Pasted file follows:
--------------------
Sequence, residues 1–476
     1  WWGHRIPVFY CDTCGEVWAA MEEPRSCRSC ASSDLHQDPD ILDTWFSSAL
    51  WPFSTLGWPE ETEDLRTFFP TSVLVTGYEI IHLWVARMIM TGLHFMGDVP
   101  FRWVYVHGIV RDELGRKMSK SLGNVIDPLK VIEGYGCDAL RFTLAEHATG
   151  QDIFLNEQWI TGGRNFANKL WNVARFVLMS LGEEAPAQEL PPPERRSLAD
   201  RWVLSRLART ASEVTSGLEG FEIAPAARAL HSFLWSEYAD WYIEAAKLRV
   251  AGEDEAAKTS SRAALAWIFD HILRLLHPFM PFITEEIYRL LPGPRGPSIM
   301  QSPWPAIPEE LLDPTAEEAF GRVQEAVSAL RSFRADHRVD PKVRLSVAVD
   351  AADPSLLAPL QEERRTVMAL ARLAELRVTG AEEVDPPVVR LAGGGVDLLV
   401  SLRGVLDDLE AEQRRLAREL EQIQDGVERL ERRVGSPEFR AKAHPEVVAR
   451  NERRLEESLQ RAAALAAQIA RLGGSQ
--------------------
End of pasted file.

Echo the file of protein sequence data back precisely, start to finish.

Sequence, residues 1–476
     1  WWGHRIPVFY CDTCGEVWAA MEEPRSCRSC ASSDLHQDPD ILDTWFSSAL
    51  WPFSTLGWPE ETEDLRTFFP TSVLVTGYEI IHLWVARMIM TGLHFMGDVP
   101  FRWVYVHGIV RDELGRKMSK SLGNVIDPLK VIEGYGCDAL RFTLAEHATG
   151  QDIFLNEQWI TGGRNFANKL WNVARFVLMS LGEEAPAQEL PPPERRSLAD
   201  RWVLSRLART ASEVTSGLEG FEIAPAARAL HSFLWSEYAD WYIEAAKLRV
   251  AGEDEAAKTS SRAALAWIFD HILRLLHPFM PFITEEIYRL LPGPRGPSIM
   301  QSPWPAIPEE LLDPTAEEAF GRVQEAVSAL RSFRADHRVD PKVRLSVAVD
   351  AADPSLLAPL QEERRTVMAL ARLAELRVTG AEEVDPPVVR LAGGGVDLLV
   401  SLRGVLDDLE AEQRRLAREL EQIQDGVERL ERRVGSPEFR AKAHPEVVAR
   451  NERRLEESLQ RAAALAAQIA RLGGSQ